Cases of disappearances and execution of persons from the 1960s, 1970s, and 1980s were also discussed, with this period of time being stressed as featuring “the connection between impunity for crimes committed during the badly named Dirty War and what is now happening in Mexico.”

The executive secretary of the IACHR, Emilio Álvarez Icaza (Mexican), lamented that the forcible disappearances recur as practices in the country, and he affirmed that “the events of Ayotzinapa, Tlatlaya, and Puebla are lamentable, but so is the fact that these types of crimes took place previously.  This is a worrying sign.”

Another audience addressed the restrictions on protest made by legislation and the human-rights violations associated with repression of protest-actions.  10 federal and local bills were discussed that would regulate and constrain mobilizations.

For more information (in Spanish):

El Estado mexicano presume avances en la CIDH, y ONG’s reviran: el país está en crisis (Sin Embargo, 4 de noviembre de 2014)

México solicita ayuda a la CIDH por Ayotzinapa (El Universal, 31 de octubre de 2014)

Plantea la CIDH dar asistencia técnica a México para buscar a los 43 desaparecidos (La Jornada, 31 de octubre de 2014)

No sólo es en Ayotzinapa, Tlatlaya y Puebla, es en todo el país, advierte la CIDH (Sin Embargo, 30 de octubre de 2014)

Abuchean a delegación mexicana en la CIDH por caso Iguala: “Regrésalos EPN” (Sin Embargo, 30 de octubre de 2014)

Posicionamiento de organizaciones de la sociedad civil sobre las graves violaciones de derechos humanos y la falta de respuestas del Estado mexicano (OSC, 30 de octubre de 2014)

Informe completo “Derechos Humanos y Protesta Social en México” (Frente por la libertad de expresión y la protesta social, octubre de 2014)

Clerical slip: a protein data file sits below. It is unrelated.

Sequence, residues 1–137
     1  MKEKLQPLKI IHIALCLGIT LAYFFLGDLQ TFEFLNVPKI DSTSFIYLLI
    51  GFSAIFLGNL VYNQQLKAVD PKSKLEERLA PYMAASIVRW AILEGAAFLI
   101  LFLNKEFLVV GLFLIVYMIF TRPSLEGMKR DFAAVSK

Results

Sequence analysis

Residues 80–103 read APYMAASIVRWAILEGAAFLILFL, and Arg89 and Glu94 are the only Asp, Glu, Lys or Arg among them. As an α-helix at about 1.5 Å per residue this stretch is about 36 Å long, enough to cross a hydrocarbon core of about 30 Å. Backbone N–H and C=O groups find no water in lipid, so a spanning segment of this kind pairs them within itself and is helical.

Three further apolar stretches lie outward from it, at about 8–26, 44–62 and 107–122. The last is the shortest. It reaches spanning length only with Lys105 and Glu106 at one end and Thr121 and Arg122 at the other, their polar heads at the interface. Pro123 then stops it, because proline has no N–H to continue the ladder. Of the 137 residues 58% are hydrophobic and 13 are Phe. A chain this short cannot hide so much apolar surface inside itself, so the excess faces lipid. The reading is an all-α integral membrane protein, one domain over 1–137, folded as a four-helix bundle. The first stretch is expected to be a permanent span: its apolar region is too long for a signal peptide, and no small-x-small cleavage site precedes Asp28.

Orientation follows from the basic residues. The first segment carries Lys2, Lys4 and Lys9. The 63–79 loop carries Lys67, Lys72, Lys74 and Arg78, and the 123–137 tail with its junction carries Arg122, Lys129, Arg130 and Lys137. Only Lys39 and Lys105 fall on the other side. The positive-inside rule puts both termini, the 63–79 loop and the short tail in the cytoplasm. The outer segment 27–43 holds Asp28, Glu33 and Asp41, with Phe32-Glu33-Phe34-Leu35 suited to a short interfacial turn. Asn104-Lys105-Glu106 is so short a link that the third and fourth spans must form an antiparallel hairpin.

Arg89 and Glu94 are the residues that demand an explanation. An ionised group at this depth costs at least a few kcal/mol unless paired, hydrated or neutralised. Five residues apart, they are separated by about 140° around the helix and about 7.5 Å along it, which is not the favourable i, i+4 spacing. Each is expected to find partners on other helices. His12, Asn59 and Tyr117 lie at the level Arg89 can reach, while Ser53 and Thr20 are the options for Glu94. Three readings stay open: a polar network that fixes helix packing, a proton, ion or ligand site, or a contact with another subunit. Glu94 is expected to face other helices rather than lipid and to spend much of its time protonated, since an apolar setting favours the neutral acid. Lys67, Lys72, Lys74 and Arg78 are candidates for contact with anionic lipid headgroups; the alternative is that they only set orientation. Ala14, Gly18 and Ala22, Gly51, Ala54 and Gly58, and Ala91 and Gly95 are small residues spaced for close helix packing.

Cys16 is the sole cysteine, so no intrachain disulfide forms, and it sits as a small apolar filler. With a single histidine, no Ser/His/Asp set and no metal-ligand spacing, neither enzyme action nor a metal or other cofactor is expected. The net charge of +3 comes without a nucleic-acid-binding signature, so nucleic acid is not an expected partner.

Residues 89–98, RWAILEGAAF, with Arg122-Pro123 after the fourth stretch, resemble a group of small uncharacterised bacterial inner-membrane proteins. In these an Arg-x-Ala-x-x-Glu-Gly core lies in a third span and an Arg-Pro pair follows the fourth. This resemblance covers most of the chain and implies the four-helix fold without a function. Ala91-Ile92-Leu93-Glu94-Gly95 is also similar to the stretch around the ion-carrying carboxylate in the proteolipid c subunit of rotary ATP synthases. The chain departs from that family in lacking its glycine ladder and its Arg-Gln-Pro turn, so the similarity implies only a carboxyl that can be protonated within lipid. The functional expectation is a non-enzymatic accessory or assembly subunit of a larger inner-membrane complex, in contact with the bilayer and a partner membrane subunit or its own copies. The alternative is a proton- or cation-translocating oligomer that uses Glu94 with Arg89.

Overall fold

Para más información de SIPAZ:

Nacional: piden ONG a visita oficial de la CIDH a México ante la “crisis en derechos humanos” (14 de agosto de 2014)


National: A delicate moment for the Mechanism for the Protection of Rights Defenders and Journalists

March 30, 2014

imagesNearly two years after its creation, the Mechanism for the Protection of Rights Defenders and Journalists in Mexico finds itself in a delicate moment, in light of the resignation of its head, Juan Carlos Gutiérrez Contreras, on 15 March, a situation has led to multiple questionings regarding its efficacy.  On 24 March, civil councilors of the Mechanism retired from the Governmental Council headed by the subsecretary for Governance, Lía Limón García, given their view that there do not exist adequate conditions for its functioning.

Since June 2013, civil-society organizations have presented a diagnostic regarding deficiencies within the Mechanism.  At present they identify structural failures: the impossibility of having a stable and qualified team due to constant firings, the fact that the full budget set aside for the organism is not yet accessible, and a delay in attending to cases.  Edgar Córtez, one of the civil councilors, detailed for example that until February of this year, the mechanism had received 152 petitions for aid, of which 22 were rejected, 89 were pending, and only 41 had been reviewed and discussed.  This implies that at least 70% of the requests have not yet been considered.

In a communique, civil society called on the Secretary of Governance “to assure in the coming election of the next Executive Coordination of the Mechanism that the designated person have proven experience in human rights, as national and international civil society organizations and journalists have noted in recent days, that a labor policy be established so that those who work for the Mechanism have their rights respected, and that [the Mechanism] work urgently to develop a priority means of responding to the problems identified with the mechanism with defined actions and results to achieve.”

For more information (in Spanish):

Pronunciamiento de OSC sobre las fallas del Mecanismo de Protección a Personas Defensoras de DH y periodistas (OSC, 27 de marzo de 2014)